Khazanah’s returns: 9.3% p.a. – CPF?


What are our returns compared to Khazanah’s 9.3% p..a.?

I refer to the articles “Khazanah says it has high annual returns” and “CPF Investment Scheme funds up average of 2.7% in Q3” (Straits Times, Nov 30).

The former states that “But Khazanah said that its Net Worth Adjusted (NWA) – which is realised and unrealised returns, as well as dividends – had more than tripled since managing director Azman Mokhtar took over in mid-2004.

“This translates into an annual compounded return of 9.3 per cent per annum over the 13-year period, rather than just the 1 per cent or 2.6 per cent return as is implied by the articles,” it said.

The Straits Times, after analysing Khazanah’s published financial records, had reported that the fund’s dividend rate was below 1 per cent while its profit before tax was 2.65 per cent of the fund size during the same period.

The fund confirmed that its NWA growth was lower than the Kuala Lumpur Composite Index’s 9.4 per cent pace during those 13 years. The index is the benchmark for Malaysia’s stock exchange.

The Straits Times had also found that Khazanah’s NWA growth was slower than that of China Investment Corporation (CIC).

Khazanah’s profit before tax, before taking into account unrealised gains and losses, was also lower than Singapore’s Temasek Holdings, CIC, Alaska Permanent Fund Corporation and the world’s largest sovereign fund, Norway’s Government Pension Fund Global”.

So, since Khazanah’s annualised return was 9.3 per cent in the last 13 years – what was the return derived from investing our CPF funds, relative to the 2.5 per cent interest paid on our CPF Ordinary Account?

In this connection, the latter article states that “CPF members who invested in funds that are part of the Central Provident Fund Investment Scheme (CPFIS) reaped average returns of 2.7 per cent in the three months to Sept 30.

During the same period, CPFIS-included unit trusts rose 3.06 per cent, while investment-linked insurance products (ILPs) increased 2.49 per cent, according to fund research firm Thomson Reuters Lipper on Wednesday (Nov 29).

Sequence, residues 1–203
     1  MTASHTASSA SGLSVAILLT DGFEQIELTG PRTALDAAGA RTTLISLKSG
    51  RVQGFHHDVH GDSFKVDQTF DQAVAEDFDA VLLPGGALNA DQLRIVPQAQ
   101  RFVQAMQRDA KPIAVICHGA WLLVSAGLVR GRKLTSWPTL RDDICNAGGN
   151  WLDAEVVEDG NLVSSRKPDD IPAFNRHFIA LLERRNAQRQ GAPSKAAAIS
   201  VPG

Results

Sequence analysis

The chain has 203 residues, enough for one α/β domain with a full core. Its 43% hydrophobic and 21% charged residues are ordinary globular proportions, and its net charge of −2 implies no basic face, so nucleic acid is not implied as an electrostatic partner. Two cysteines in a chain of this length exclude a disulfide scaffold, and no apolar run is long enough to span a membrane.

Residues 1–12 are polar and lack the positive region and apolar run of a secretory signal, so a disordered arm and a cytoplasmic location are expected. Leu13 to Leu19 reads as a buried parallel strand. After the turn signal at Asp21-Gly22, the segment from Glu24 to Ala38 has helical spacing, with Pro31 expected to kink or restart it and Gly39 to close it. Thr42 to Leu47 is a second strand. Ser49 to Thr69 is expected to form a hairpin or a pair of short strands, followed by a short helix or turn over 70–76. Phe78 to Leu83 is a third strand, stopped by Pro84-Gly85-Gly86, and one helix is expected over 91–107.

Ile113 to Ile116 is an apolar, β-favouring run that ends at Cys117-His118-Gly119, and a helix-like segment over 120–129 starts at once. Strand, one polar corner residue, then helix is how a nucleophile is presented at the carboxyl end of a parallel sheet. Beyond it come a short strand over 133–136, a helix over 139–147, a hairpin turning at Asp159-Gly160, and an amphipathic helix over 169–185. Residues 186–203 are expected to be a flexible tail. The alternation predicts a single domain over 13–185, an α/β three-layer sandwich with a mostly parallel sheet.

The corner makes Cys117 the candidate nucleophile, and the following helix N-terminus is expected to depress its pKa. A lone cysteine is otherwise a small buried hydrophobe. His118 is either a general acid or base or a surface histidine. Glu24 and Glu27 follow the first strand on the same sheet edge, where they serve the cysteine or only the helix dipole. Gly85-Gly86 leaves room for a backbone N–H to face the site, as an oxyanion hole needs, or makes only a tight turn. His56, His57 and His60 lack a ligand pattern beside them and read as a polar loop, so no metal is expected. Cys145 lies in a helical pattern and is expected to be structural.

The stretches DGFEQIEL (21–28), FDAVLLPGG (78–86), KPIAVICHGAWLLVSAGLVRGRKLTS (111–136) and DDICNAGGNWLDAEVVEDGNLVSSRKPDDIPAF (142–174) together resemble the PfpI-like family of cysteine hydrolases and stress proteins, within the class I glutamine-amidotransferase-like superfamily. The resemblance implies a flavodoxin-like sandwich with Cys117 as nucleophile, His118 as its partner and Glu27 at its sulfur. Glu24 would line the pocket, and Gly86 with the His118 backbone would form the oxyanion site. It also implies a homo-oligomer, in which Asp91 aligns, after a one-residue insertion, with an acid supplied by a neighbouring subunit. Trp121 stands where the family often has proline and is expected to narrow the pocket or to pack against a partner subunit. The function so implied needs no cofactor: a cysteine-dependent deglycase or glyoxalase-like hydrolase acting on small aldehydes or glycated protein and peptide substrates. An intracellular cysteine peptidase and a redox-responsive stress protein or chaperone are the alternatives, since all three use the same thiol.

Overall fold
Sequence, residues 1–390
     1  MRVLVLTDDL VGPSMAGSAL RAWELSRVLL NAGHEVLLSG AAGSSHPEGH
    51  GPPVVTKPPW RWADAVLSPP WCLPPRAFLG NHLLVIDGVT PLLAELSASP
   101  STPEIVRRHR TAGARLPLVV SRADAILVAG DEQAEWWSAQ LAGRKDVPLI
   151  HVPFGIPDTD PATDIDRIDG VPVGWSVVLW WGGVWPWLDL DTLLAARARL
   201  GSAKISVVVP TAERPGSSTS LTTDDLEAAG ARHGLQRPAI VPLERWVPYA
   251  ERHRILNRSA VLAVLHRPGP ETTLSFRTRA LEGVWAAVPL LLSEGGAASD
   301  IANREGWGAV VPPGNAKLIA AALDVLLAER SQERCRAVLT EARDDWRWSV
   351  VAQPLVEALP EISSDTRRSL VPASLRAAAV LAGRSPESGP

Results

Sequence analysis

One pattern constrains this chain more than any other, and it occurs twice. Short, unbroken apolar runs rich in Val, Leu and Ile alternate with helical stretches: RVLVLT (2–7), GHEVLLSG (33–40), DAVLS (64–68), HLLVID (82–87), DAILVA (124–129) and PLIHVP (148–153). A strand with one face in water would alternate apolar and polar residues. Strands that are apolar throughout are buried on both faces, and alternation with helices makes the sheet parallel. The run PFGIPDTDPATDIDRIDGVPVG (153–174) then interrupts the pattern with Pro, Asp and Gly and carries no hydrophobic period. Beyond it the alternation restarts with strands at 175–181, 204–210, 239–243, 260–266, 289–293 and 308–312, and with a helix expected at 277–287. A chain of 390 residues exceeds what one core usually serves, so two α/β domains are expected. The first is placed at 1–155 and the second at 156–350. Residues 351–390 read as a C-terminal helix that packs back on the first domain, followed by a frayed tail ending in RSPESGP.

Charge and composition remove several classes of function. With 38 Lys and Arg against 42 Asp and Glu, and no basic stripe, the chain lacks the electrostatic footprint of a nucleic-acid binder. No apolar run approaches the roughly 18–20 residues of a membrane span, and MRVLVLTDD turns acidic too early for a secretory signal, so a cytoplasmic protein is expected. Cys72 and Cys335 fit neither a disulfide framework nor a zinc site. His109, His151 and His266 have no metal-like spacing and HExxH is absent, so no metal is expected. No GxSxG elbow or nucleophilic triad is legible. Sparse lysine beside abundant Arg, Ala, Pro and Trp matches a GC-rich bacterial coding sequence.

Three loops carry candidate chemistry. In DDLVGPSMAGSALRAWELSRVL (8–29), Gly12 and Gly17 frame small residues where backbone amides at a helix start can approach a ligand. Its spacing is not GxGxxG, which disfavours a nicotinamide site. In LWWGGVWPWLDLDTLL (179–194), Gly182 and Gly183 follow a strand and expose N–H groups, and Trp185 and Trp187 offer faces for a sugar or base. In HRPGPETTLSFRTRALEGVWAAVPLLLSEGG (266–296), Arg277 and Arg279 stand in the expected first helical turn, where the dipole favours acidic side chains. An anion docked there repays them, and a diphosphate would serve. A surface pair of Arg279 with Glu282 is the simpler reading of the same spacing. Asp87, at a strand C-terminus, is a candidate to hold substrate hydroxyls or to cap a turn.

For all CPFIS-included funds, equities posted positive returns of 3.50 per cent, mixed-asset added 2.23 per cent, while bonds and money market funds grew 0.33 per cent and 0.15 per cent respectively.

For the year to Sept 30, CPFIS funds delivered an average return of 13.14 per cent, with unit trusts up 14.76 per cent and ILPs rising 12.19 per cent. Meanwhile, the MSCI AC Asia ex Japan Index soared 22.53 per cent while the Citigroup WGBI TR fell 3.08 per cent. For the one-year period, on average, equities (+17.57 per cent) outperformed bond offerings (+0.08 per cent), mixed-asset (+10.13 per cent) and money market funds (+0.57 per cent).

CPFIS-linked funds performed better when viewed over the longer term. Their performance for the three-year period ended September was up 19.25 per cent on average. Unit trusts soared 19.90 per cent over the same period while ILPs rallied 18.93 per cent. For comparison, during this period, MSCI AC Asia ex-Japan Index rallied 34.86 per cent and Citigroup WGBI TR rose 9.32 per cent. Equities were the lead gainer with growth of 23.30 per cent, while bonds posted 8.55 per cent returns on average.”

Why is it that normally only one and 3-year annualised returns are reported in the media? Why is it that the 5, 10, 20-year and from inception annualised returns of the CPFIS are not reported?

Leong Sze Hian



About the Author

Leong Sze Hian has served as the president of 4 professional bodies, honorary consul of 2 countries, an alumnus of Harvard University, authored 4 books, quoted over 1500 times in the media , has been a radio talkshow host, a newspaper daily columnist, Wharton Fellow, SEACeM Fellow, columnist for theonlinecitizen and Malaysiakini, executive producer of Ilo Ilo (40 international awards), Hotel Mumbai (associate producer), invited to speak more than 200 times in about 40 countries, CIFA advisory board member, founding advisor to the Financial Planning Associations of 2 countries. He has 3 Masters, 2 Bachelors degrees and 13 professional  qualifications.